Grand Island employer penalized after worker gets stuck in industrial baler and later dies

By: - August 4, 2022 4:50 pm

Waste cardboard is stacked at a recycling center. (Getty Images)

LINCOLN — The U.S. Labor Department has issued multiple citations against a Grand Island recycling company where a 20-year-old suffered fatal amputation injuries last winter upon getting stuck in an industrial cardboard baler.

The department’s Occupational Safety and Health Administration alleges that Mid-Nebraska Disposal disregarded federal regulations designed to prevent such tragedies.

The company was cited for 18 violations related to machine safety, training, fall hazards and permit-required confined space safety requirements, according to a Thursday statement.

‘Life was cut short needlessly’

OSHA proposed penalties of $337,903 and has placed the company in its “Severe Violator Enforcement Program.” Inspectors also reported an active rodent and vermin infestation in the facility.

“A 20-year-old’s life was cut short needlessly; he was on the job for just nine months,” Matt Thurlby, OSHA area director in Omaha, said in the media statement. “Employers are legally obligated to safeguard dangerous machinery and use required safety procedures for entering confined spaces.”

The worker has been identified as Gavin Schwartz of Grand Island.

Mid-Nebraska Disposal, which offers residential, commercial and industrial recycling and compost services to 15 Nebraska communities, has 15 business days after receiving its penalties to comply, request a conference with OSHA or contest the findings before the independent Occupational Safety and Health Review Commission.

Includes two willful, 15 serious violations

The company did not respond to a reporter’s request for comment.

OSHA’s investigation of the Feb. 7 incident found that the worker was feeding cardboard waste into the baler when debris jammed the machine. As the young worker tried to remove the stuck cardboard, he reportedly fell into the machine. He died the following day at a hospital.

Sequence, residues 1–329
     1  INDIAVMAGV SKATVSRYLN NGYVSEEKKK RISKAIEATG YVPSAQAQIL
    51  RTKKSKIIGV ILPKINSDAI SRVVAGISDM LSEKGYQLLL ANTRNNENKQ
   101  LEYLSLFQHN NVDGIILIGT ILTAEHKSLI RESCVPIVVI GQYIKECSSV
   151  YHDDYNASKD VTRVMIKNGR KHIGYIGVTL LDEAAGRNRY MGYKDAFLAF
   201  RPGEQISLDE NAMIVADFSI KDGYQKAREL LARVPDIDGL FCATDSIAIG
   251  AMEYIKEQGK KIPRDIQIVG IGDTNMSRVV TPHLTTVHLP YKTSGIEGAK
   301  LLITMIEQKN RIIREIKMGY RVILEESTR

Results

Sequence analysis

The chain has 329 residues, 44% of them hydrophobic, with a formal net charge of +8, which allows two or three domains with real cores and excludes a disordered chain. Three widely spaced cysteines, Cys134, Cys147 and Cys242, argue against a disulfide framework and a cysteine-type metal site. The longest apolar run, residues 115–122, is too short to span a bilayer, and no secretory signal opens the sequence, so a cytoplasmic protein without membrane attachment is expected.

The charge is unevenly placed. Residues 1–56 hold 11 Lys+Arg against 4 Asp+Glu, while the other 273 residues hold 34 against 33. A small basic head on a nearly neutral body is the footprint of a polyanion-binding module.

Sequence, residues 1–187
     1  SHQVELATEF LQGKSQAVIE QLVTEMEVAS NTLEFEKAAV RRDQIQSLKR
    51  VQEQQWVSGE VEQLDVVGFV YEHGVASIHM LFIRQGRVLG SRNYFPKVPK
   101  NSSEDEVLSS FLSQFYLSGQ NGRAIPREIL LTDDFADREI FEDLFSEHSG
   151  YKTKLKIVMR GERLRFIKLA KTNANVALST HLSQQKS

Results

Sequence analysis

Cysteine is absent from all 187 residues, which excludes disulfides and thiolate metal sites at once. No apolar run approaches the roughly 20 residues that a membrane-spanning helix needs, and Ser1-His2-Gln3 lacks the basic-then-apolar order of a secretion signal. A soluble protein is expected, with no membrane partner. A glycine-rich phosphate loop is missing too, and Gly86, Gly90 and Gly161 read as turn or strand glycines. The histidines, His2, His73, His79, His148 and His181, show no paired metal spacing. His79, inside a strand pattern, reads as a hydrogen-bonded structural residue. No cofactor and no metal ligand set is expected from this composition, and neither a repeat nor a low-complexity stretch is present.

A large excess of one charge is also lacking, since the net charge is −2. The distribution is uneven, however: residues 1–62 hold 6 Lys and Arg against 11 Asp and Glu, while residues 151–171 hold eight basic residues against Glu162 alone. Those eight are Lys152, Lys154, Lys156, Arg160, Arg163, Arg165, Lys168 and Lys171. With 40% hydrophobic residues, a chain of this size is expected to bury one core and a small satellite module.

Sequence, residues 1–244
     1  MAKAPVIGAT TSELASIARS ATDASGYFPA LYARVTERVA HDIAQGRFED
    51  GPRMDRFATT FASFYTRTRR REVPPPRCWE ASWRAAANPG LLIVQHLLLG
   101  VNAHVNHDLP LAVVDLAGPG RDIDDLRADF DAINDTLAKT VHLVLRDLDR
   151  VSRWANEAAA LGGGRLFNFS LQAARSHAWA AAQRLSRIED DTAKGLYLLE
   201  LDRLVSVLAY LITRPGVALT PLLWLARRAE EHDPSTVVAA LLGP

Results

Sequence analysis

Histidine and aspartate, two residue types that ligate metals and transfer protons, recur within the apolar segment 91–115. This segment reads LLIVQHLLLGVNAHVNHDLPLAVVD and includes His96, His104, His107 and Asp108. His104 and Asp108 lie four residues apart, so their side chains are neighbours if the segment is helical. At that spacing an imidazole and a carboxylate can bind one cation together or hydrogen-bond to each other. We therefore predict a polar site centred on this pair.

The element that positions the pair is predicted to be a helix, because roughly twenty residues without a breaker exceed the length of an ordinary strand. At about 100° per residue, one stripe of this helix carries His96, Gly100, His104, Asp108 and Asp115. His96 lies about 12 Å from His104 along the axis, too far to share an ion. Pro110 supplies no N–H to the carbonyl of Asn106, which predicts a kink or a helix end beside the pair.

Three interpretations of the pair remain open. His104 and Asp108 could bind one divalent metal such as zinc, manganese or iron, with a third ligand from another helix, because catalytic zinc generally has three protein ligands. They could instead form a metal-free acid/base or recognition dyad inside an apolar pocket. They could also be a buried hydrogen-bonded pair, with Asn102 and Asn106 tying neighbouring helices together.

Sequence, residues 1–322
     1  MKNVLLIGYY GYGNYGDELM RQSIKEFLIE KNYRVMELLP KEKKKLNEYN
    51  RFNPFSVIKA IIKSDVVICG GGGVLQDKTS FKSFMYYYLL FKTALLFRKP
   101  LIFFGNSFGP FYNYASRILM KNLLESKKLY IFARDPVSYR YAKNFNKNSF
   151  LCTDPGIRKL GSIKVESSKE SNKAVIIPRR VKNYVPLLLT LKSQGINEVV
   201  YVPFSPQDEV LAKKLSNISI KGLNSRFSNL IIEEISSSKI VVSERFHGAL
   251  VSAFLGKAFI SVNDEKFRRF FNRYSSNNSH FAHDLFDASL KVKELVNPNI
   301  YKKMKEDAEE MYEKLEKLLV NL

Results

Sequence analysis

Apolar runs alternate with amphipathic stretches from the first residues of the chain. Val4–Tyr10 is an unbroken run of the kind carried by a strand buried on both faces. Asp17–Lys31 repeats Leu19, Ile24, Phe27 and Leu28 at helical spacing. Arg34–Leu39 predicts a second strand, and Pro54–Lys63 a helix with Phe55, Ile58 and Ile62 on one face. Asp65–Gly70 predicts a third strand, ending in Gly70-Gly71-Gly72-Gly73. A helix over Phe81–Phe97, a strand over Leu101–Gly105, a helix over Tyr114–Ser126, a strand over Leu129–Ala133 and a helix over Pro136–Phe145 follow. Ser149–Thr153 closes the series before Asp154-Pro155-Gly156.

OSHA alleges that the company failed to ensure that energy sources were locked out, which would have kept the machine’s operating parts from moving while the worker cleared the jam. The 18 violations were identified as “two willful, 15 serious and one other than serious” charge.

In the statement, Thurlby said employers also are required to follow all safety precautions and train workers to de-energize and lock out a machine before clearing jams or providing service or maintenance to prevent serious or fatal injuries.


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Cindy Gonzalez
Cindy Gonzalez

Senior Reporter Cindy Gonzalez, an Omaha native, has more than 35 years of experience, largely at the Omaha World-Herald. Her coverage areas have included business and real estate development; regional reporting; immigration, demographics and diverse communities; and City Hall and local politics.

Nebraska Examiner is part of States Newsroom, the nation’s largest state-focused nonprofit news organization.